pangolin

Menina the baby pangolin fighting to survive has sadly left this world today but we refuse to let her life end here, she can be the symbol in fighting poachers.

 

It is not often that we share sad news here on Good Things Guy but Menina’s story bore its way into our hearts. We are devastated by the news of her passing and know the only way to make her life count now, is to create awareness for her species.

It is important to share Menina’s story, much like every other story of poaching, to help fight it. The Johannesburg Wildlife Veterinary Hospital shared her story and kept everyone updated throughout her week-long battle. They released an update earlier today describing her fight.

“We’ve spent just over a week fighting for a baby pangolin that barely stood a chance due to the harsh circumstances that she was forced to endure after she was poached and held in the illegal wildlife trade.

After being severely compromised, this little pangolin didn’t have the strength to forage for food. Tube feeding regularly meant utilising light sedation frequently which in itself is also not ideal for her compromised system. We enlisted the specialist assistance from Fourways Vet Hospital to place a peg tube – making it easier for us to ensure she received an easily digestible food. This would give her the best chance at recovering her energy levels and allowing her body to recuperate from the neglect that she had endured.”

A poached pangolin often spends days, sometimes two weeks, without food or water. This places a massive strain on their systems that is often difficult to recover from. The goal for poachers is not to have a living creature though, they utilise the meat and scales, which is why they starve them for so long.

In Menina’s case, her carers gave guarded optimism about her recovery due to the nature of her compromised system.

“While initially we saw an improvement, this changed a day ago when her energy levels depleted once again. She was placed on a drip but succumbed to her compromised state, sadly.

The peg tube technique was a world first in the treatment of pangolins. This is a unique idea that we believe will be successful in the future and will save more compromised pangolins. It would have been successful this time, had this little pangolin not been so compromised to begin with.”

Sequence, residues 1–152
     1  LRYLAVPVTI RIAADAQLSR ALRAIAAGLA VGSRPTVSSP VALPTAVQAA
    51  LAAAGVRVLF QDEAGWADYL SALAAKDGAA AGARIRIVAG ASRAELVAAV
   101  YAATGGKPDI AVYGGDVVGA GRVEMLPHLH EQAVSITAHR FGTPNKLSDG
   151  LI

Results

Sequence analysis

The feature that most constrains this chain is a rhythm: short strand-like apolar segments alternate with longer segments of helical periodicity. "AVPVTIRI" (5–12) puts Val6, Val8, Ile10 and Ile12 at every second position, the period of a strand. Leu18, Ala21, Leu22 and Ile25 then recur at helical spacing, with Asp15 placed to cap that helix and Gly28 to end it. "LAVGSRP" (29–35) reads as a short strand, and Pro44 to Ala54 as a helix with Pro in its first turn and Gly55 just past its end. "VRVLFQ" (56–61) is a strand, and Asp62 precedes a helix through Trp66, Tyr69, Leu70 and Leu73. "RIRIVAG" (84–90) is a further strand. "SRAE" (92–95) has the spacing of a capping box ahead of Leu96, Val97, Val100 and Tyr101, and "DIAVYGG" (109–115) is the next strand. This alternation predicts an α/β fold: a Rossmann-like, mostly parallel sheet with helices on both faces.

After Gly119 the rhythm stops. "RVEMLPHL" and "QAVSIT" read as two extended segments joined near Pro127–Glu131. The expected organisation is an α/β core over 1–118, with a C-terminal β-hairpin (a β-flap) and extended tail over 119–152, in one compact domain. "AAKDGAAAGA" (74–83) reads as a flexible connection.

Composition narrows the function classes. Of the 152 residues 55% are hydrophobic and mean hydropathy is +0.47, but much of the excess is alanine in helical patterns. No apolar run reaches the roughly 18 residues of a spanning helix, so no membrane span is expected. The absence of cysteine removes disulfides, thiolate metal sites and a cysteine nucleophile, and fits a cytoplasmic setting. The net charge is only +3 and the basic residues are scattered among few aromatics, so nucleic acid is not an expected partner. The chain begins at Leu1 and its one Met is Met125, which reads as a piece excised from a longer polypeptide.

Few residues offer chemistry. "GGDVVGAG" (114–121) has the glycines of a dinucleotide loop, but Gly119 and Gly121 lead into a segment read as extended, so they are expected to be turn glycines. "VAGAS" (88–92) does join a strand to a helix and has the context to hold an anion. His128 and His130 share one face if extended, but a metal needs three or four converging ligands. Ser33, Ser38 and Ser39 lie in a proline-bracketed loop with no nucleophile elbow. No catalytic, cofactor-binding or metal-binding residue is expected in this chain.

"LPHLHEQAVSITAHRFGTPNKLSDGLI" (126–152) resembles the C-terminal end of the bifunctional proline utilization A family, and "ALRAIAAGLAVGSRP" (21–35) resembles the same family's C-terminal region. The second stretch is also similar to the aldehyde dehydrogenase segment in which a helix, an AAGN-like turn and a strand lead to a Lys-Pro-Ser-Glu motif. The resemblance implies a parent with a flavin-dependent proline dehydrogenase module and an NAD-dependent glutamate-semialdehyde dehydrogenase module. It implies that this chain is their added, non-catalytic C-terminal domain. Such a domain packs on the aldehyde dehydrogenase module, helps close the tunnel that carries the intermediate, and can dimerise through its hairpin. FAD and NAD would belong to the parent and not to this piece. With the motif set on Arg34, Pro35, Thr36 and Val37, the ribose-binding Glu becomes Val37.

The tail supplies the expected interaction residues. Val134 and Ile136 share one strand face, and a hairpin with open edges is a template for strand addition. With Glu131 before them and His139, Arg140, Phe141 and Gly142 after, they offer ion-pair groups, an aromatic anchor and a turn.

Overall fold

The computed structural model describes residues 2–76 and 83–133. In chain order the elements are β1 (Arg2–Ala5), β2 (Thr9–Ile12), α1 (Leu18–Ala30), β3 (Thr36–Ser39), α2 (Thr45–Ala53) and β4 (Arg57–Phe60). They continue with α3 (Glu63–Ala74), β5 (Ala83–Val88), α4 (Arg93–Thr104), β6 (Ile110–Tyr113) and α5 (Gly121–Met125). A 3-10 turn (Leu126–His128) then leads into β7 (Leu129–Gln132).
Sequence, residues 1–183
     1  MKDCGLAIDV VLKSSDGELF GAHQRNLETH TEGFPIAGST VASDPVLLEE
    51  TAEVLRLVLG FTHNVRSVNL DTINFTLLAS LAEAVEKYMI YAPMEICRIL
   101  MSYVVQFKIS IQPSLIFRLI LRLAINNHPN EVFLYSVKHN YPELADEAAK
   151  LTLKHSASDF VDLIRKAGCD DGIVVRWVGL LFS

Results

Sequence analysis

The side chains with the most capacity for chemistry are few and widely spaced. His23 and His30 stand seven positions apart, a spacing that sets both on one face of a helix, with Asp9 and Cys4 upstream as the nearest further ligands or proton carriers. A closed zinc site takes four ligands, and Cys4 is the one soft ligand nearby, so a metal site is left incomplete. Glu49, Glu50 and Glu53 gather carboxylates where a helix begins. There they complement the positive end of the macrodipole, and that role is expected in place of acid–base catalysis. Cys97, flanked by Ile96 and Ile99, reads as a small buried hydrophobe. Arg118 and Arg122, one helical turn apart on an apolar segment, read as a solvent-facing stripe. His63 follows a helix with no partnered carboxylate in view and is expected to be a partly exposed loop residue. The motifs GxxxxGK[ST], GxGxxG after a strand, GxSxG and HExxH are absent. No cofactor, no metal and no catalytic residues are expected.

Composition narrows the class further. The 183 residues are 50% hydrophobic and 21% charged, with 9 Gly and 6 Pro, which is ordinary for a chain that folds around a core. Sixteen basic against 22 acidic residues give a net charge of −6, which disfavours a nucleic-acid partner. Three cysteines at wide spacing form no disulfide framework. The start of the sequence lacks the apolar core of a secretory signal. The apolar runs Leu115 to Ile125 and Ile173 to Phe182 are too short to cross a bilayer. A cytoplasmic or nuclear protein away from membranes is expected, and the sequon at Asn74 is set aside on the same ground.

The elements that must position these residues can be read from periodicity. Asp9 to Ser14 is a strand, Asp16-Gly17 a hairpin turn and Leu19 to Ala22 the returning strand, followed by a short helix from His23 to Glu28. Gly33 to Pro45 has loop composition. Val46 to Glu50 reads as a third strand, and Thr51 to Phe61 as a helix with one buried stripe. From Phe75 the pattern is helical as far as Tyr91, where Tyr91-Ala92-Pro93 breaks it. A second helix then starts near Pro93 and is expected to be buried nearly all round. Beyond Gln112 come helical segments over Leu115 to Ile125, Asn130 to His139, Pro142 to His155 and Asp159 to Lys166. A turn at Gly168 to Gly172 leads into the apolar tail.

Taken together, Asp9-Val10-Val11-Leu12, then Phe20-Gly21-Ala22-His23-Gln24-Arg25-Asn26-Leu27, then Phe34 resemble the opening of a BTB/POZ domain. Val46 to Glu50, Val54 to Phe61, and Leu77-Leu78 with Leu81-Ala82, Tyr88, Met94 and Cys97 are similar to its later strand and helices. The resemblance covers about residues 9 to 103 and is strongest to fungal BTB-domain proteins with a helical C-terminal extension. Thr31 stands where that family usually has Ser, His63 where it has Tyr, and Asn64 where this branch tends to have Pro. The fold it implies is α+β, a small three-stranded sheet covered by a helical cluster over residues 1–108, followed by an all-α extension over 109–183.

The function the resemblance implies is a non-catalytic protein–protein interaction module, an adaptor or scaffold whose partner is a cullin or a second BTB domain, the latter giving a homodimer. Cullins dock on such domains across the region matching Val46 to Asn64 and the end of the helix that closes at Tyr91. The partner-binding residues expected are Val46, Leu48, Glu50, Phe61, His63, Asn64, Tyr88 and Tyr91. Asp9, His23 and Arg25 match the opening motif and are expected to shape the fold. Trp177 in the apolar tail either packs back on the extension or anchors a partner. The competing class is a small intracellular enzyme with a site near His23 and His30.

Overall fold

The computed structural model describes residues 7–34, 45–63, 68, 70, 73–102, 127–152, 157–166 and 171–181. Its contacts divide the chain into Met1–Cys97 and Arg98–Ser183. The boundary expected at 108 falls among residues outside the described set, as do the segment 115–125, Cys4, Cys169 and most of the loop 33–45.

The Johannesburg Wildlife Vet staff have been deeply saddened by the outcome of this case. So have many of the people who have been following this story.

“Attempting to save a critically endangered species is incredibly taxing on our team – especially when we receive these elusive creatures on the brink of death. It’s even more difficult when they show signs of improvement that give us hope, which is quickly taken away when they take a turn for the worst. We’re so sorry that our attempts at a second chance of life couldn’t save you, Menina.”

The team have been extremely thankful for all the donations, love and support they received over the last week.

“Thank you for the outpour of donations and support, and for following her journey and our multiple attempts to save her.”

Want to do your part to save pangolins?

  • Don’t eat pangolins.
  • Don’t buy pangolin products: no pangolin medicine, no pangolin wine, no pangolin jewellery, no pangolin scales or leather.
  • Spread the word. Tell your friends and family about pangolins. In recent years, more people around the world have learned about pangolins and the threats to them. This has directly led to more support for policy reform, scientific research, and more conservation efforts. You can help by spreading the word about pangolins and how they’re in trouble.
  • Make a donation.
  • Report wildlife crime. If you see pangolins and other illegal wildlife in restaurants or other business establishments, contact your local authorities or one of the numbers below.

The Johannesburg Wildlife Veterinary Hospital treats indigenous animals free of charge, relying solely on the donations and support of the community. Every effort makes a difference. Rest in peace little one, our hearts are with you and our fight for you shall continue.


Sources: Facebook | Johannesburg Wildlife Veterinary Hospital
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Tyler Leigh Vivier
About the Author

Tyler Leigh Vivier is a writer for Good Things Guy.

Her passion is to spread good news across South Africa with a big focus on environmental issues, animal welfare and social upliftment. Outside of Good Things Guy, she is an avid reader and lover of tea.

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